This 40 Foot Marine Predator Once Feasted on Sharks

Written by Joan W.
Updated: October 11, 2022
© Dmitry Bogdanov / public domain – License / Original
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What was close to 40 to 45 feet long with a long neck and tail, had four flippers, giant jaws, swam through the water like a fish, and devoured sharks whenever it was hungry? The ancient, extinct marine predator, Hainosaurus, of course!

Hainosaurus is one of the most interesting prehistoric animals ever discovered. This marine predator lived in the Late Cretaceous period, 100.5 million years ago to 66 million years ago. While they lived in the sea, scientists think Hainosaurus preferred to stay in the shallow water and only dove into the ocean depths to hunt for prey.

Their first fossil remains were found in a Ciply chalk quarry in Belgium in the year 1885. Ciply chalk is phosphatic chalk they used for agriculture and to make bricks named for a village in Belgium in the Hainaut province. Even though it was an active quarry, the owner allowed the scientists to access the remains and remove them safely. 

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In thanks, they named the large creature after the Belgium province where it was found. The name Hainosaurus combines the Belgium province, Hainaut, with the Greek word for lizard, ‘saurus.’

Hainosaurus is a Genus of Mosasaurs

Hainosaurus belongs to a group called mosasaurs, which were all aquatic reptiles that went extinct 65 million years ago. Imagine the oceans filled with giant, fast-swimming reptiles that could eat almost anything!

Mosasaurs lived at the same time as dinosaurs but were not land-based animals. Researchers think they might have evolved from an extinct group of aquatic lizards known as aigialosaurs.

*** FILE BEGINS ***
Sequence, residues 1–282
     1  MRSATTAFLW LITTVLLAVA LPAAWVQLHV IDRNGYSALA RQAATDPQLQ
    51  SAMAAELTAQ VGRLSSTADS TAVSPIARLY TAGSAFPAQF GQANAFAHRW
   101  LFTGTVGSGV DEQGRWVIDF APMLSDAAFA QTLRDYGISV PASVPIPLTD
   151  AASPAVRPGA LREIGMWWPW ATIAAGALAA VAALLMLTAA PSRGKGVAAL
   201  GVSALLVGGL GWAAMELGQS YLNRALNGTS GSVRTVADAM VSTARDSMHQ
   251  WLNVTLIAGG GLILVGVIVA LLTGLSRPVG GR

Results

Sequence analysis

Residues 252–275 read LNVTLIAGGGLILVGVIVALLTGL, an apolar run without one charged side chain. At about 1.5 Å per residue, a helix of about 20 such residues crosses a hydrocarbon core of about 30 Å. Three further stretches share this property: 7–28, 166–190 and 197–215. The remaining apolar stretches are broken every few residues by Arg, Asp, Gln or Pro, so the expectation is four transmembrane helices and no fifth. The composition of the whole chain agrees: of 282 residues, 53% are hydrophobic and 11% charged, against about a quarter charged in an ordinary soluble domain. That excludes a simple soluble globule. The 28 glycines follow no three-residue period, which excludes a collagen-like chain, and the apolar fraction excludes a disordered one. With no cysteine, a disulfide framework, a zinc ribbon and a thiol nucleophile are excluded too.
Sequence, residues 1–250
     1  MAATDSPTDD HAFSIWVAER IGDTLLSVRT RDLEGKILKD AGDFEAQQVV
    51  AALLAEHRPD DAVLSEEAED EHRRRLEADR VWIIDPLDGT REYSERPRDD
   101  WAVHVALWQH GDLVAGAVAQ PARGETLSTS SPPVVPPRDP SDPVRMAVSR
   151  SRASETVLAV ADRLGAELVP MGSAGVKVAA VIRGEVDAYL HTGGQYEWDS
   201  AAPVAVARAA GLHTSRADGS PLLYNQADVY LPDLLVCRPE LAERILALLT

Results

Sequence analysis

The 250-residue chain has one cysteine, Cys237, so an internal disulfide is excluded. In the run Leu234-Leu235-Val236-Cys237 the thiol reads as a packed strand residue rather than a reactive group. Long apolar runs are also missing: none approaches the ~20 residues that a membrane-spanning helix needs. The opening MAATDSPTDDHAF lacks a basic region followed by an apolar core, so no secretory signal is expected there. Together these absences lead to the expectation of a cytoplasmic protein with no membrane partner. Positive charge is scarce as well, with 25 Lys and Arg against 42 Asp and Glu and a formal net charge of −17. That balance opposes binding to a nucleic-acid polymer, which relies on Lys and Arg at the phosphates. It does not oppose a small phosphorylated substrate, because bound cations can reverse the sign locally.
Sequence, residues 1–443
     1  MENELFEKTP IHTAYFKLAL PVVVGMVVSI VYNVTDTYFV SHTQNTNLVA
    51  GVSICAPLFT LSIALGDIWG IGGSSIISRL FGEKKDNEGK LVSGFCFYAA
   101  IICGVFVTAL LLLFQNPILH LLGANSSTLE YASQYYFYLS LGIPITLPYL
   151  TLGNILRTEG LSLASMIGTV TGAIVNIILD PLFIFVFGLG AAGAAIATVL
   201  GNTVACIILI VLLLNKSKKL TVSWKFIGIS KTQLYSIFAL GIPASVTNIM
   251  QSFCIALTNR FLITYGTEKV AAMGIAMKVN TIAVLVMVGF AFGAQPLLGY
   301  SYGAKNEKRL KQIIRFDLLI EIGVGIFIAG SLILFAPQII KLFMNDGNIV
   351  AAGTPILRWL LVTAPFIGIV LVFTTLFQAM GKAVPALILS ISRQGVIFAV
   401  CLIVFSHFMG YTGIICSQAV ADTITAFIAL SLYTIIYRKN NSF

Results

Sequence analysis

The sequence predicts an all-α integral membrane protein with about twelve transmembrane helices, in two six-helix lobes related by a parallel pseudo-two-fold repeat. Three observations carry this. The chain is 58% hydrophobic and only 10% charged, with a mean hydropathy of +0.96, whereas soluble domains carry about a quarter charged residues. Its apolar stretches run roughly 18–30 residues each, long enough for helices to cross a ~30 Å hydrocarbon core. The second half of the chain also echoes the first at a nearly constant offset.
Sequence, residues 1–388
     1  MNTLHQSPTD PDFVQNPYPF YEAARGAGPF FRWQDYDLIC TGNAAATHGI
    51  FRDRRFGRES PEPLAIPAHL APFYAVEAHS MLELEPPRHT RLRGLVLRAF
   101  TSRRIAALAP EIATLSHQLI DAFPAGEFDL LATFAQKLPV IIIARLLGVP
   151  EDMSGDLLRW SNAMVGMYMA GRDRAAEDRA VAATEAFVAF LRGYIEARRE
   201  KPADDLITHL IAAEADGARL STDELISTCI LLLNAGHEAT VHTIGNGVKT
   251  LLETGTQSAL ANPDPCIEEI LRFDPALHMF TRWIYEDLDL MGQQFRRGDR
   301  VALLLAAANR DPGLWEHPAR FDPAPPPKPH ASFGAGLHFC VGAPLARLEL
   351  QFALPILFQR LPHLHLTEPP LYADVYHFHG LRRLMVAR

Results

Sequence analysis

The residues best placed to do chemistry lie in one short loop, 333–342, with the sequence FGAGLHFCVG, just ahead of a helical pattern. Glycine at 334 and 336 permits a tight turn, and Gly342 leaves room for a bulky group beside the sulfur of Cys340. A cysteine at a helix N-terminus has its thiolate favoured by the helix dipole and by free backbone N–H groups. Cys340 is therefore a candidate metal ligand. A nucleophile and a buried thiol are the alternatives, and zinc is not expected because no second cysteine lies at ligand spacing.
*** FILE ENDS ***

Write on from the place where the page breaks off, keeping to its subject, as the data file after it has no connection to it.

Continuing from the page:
Although the relatives of mosasaurs alive today are much smaller, mosasaurs can be considered the “cousins” of modern-day snakes and monitor lizards.

Hainosaurus were Giant Marine Reptiles

The Hainosaurus is thought to have been the apex predator during its time.

©Dmitry Bogdanov / public domain – License

At 40 to 45 feet long—which is about the length of a school bus—these giant marine reptiles were not even the biggest mosasaurs swimming in the oceans at the time.  These predators had a long body, with a tail that ended with a fin. Like other mosasaurs, they would use their tails to accelerate in bursts of speed when they wanted to attack their prey. 

During the peak of their existence, the Hainosaurus was at the top of the food chain. Most of the other creatures alive at the time could not challenge its size and strength.

Scientists estimate that many of these marine reptiles were either blue or greenish-blue in color with black stripes along their bodies and heads. It is possible that there were different species of mosasaurs, aside from just the Hainosaurus. It is believed that there may have been several different subspecies within each species. Basically, a variety of giant marine lizards that lived all over the oceans.